Non-specialist retailers include:

  • Department/variety stores

  • Discount stores

  • Food retailers

  • Sports goods specialists

  • Market stalls and bazaars

  • Second-hand/charity shops

  • Catalogue operators

  • Online-only operators.

In the UK and Spain we include M&S and Dunnes Stores within our definition of clothing specialists; despite both offering a wide array of other products including food and homewares, the scale of their clothing operations in each country is such that we have felt it necessary to include both as clothing specialists. We think that both are classified as clothing specialists in the national statistical data. El Corte Inglés (ECI) in Spain is classified as a department store, but it is also the largest single clothing retailer fascia (bigger than any of the Inditex brands) and for that reason it would seem misleading not to include it in the leading specialists tables.

Consumer spending definitions

We use the following COICOP (Classification of Individual Consumption by Purpose) categories for consumer spending data.

3.1 Clothing

3.11 Clothing materials

3.12 Garments

3.13 Other articles of clothing and clothing accessories

3.14 Cleaning, repair and hire of clothing

Footwear spending is also provided for most countries, but this is not the focus of this report.

Financial definitions

All retailers’ sales figures are quoted excluding VAT (sales tax), unless specifically stated otherwise.

In our European reports, all retail sector sales are quoted excluding VAT, unless specifically stated otherwise. In our UK report, retail sales data includes VAT.

Consumer spending data is quoted including VAT, unless specifically stated otherwise.

Operating profit is trading profit after normal operating costs and depreciation, but before interest, goodwill amortisation and exceptional items.

Pre-tax profit is calculated after all costs, including exceptional items, interest, and non-cash charges such as amortisation, but before tax.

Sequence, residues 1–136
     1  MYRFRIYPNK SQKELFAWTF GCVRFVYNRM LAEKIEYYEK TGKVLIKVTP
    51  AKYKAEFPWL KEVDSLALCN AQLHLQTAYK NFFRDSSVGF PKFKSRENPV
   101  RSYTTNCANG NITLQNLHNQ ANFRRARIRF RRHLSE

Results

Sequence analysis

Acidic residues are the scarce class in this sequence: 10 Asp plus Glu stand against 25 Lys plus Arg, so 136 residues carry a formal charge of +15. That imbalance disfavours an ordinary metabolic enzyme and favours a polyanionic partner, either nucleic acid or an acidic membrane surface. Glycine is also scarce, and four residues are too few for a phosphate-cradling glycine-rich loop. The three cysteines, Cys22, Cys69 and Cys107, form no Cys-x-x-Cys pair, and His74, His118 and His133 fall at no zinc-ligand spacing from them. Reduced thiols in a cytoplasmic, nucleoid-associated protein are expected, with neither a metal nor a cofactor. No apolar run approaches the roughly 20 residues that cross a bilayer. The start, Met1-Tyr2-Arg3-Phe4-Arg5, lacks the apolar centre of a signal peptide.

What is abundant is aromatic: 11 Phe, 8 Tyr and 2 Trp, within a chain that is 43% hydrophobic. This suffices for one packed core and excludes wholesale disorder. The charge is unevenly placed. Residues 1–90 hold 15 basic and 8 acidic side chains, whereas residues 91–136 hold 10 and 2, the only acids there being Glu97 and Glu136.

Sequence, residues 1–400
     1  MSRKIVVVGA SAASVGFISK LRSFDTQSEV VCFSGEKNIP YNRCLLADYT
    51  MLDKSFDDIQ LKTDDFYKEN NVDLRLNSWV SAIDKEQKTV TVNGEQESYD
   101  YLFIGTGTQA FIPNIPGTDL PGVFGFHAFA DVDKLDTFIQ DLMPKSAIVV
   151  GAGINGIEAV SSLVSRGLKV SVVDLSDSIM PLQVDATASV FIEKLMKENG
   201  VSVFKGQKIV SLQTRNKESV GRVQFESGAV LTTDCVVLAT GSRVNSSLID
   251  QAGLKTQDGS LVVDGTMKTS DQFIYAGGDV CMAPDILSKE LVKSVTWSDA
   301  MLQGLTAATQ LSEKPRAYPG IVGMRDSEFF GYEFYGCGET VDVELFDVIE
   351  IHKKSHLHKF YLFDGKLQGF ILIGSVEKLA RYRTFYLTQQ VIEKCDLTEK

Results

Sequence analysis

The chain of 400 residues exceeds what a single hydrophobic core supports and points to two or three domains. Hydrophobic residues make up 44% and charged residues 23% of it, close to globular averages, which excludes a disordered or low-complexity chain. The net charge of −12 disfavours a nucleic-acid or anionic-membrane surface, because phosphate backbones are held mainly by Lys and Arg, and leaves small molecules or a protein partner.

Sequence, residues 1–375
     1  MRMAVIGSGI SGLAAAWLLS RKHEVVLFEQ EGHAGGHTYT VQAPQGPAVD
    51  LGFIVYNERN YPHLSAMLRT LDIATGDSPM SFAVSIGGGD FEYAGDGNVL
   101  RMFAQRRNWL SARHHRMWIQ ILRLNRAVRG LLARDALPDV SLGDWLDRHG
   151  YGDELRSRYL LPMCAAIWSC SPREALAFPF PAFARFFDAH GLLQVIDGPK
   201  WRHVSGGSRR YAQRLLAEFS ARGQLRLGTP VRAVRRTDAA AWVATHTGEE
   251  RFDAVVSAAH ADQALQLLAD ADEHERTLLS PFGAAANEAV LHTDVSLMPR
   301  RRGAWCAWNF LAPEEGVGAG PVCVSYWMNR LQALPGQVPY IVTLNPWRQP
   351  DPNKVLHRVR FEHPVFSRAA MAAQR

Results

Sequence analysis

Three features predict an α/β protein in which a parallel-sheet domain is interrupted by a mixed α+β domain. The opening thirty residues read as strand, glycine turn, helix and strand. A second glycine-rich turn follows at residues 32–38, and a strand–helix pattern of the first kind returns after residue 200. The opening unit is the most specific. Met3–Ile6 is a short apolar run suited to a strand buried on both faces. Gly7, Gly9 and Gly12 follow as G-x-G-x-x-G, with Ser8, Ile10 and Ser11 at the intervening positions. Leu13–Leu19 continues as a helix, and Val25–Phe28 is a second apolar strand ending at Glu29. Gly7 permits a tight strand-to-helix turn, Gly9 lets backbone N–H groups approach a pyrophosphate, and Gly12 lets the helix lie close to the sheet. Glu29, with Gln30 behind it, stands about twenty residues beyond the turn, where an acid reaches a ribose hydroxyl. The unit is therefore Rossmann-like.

Note that there can be a number of reasons why tables do not sum exactly:

  • Rounding errors

  • Currency conversions if original data for different subsidiaries was in different currencies (companies often provide information in local currencies)

  • VAT (sales tax) – if original data was provided gross (including sales tax), we have extracted VAT at the relevant rates for countries concerned and at the estimated appropriate rates depending on product categories sold

  • Information on all subsidiaries is not always available. As a result in some cases we have an entry for the parent company, and subsidiary information on only one part of the business.


Conversion from local currencies to euros is carried out at the average rate ruling during the year.

Rates against the Euro for Eurozone countries have now been fixed since 1999 and all accounts in Eurozone countries are now published in euros.

Sales tax rates

All European countries levy sales tax using the value added method.

Figure 1: VAT rates around Europe, 2014-19
01-Jan-14 01-Jan-15 01-Jan-16 01-Jan-17 01-Jan-18 01-Jan-19
% % % % % %
Austria 20 20 20 20 20 20
Belgium 21 21 21 21 21 21
Czechia 21 21 21 21 21 21
Denmark 25 25 25 25 25 25
Finland 24 24 24 24 24 24
France 20 20 20 20 20 20
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CAGR Compound Annual Growth Rate
COICOP Classification of Individual Consumption According to Purpose
CPI Consumer Prices Index
DACH Germany, Austria, Switzerland region
e Mintel Estimate
f Mintel Forecast
GDP Gross Domestic Product
jv Joint Venture